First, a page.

Difference between revisions of "2018 AMC 10B Problems/Problem 24"
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<cmath>(\frac{1}{4}+3 \cdot \frac{1}{8}) \cdot \frac{(\sqrt{3})^2 \cdot \sqrt{3}}{4} = \frac {15}{32}\sqrt{3} = \boxed {C}</cmath> | <cmath>(\frac{1}{4}+3 \cdot \frac{1}{8}) \cdot \frac{(\sqrt{3})^2 \cdot \sqrt{3}}{4} = \frac {15}{32}\sqrt{3} = \boxed {C}</cmath> | ||
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==Solution 2 == | ==Solution 2 == |
Revision as of 01:52, 19 February 2018
Problem
Let be a regular hexagon with side length . Denote by , , and the midpoints of sides , , and , respectively. What is the area of the convex hexagon whose interior is the intersection of the interiors of and ?
Solution 1
The desired area (hexagon ) consists of an equilateral triangle () and three right triangles (, , and ).
Notice that (not shown) and are parallel. divides transversals and into a ratio. Thus, it must also divide transversal and transversal into a ratio. By symmetry, the same applies for and as well as and
In , we see that and . Our desired area becomes
Solution 2
Now, if we look at the figure, we can see that the complement of the hexagon we are trying to find is composed of 3 isosceles trapezoids (AXFZ, XBCY, and ZYED), and 3 right triangles (With one vertice on each of X, Y, and Z). We know that one base of each trapezoid is just the side length of the hexagon which is 1, and the other base is 3/2 (It is halfway in between the side and the longest diagonal) with a height of (by using the Pythagorean theorem and the fact that it is an isosceles trapezoid) to give each trapezoid having an area of for a total area of (Alternatively, we could have calculated the area of hexagon ABCDEF and subtracted the area of triangle XYZ, which, as we showed before, had a side length of 3/2). Now, we need to find the area of each of the small triangles, which, if we look at the triangle that has a vertice on X, is similar to the triangle with a base of YC = 1/2. Using similar triangles we calculate the base to be 1/4 and the height to be giving us an area of per triangle, and a total area of . Adding the two areas together, we get . Finding the total area, we get . Taking the complement, we get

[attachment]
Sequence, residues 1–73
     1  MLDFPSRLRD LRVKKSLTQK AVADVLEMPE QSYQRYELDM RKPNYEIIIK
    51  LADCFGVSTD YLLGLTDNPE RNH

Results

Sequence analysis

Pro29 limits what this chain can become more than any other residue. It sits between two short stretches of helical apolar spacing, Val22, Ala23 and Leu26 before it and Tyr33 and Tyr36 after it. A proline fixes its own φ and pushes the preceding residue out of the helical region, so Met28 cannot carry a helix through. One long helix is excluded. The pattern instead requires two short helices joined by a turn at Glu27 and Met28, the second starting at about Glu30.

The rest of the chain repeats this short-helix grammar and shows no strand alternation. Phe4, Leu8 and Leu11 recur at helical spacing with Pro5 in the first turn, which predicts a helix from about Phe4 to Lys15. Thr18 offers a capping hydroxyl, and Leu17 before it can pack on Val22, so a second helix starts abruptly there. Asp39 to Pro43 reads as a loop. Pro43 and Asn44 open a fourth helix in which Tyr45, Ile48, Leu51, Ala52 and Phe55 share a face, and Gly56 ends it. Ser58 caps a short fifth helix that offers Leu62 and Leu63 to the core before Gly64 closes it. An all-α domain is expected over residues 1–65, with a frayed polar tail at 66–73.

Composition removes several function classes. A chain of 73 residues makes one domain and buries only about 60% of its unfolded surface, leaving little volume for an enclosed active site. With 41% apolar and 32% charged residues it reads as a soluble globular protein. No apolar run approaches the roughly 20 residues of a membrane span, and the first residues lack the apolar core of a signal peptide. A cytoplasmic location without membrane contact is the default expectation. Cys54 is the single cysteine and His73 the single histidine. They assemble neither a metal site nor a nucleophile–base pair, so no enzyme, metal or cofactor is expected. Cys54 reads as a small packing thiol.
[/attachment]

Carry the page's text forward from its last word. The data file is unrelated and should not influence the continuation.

Solution 3 (Trig)
Notice, the area of the convex hexagon formed through the intersection of the 2 triangles can be found by finding the area of the triangle formed by the midpoints of the sides and subtracting the smaller triangles that are formed by the region inside this triangle but outside the other triangle. First, let's find the area of the area of the triangle formed by the midpoint of the sides. Notice, this is an equilateral triangle, thus all we need is to find the length of its side. To do this, we look at the isosceles trapezoid outside this triangle but inside the outer hexagon. Since the interior angle of a regular hexagon is and the trapezoid is isosceles, we know that the angle opposite is , and thus the side length of this triangle is . So the area of this triangle is Now let's find the area of the smaller triangles. Notice, triangle cuts off smaller isosceles triangles from the outer hexagon. The base of these isosceles triangles is perpendicular to the base of the isosceles trapezoid mentioned before, thus we can use trigonometric ratios to find the base and height of these smaller triangles, which are all congruent due to the rotational symmetry of a regular hexagon. The area is then and the sum of the areas is Therefore, the area of the convex hexagon is
See Also
2018 AMC 10B (Problems • Answer Key • Resources) | ||
Preceded by Problem 23 |
Followed by Problem 25 | |
1 • 2 • 3 • 4 • 5 • 6 • 7 • 8 • 9 • 10 • 11 • 12 • 13 • 14 • 15 • 16 • 17 • 18 • 19 • 20 • 21 • 22 • 23 • 24 • 25 | ||
All AMC 10 Problems and Solutions |
2018 AMC 12B (Problems • Answer Key • Resources) | |
Preceded by Problem 19 |
Followed by Problem 21 |
1 • 2 • 3 • 4 • 5 • 6 • 7 • 8 • 9 • 10 • 11 • 12 • 13 • 14 • 15 • 16 • 17 • 18 • 19 • 20 • 21 • 22 • 23 • 24 • 25 | |
All AMC 12 Problems and Solutions |
The problems on this page are copyrighted by the Mathematical Association of America's American Mathematics Competitions.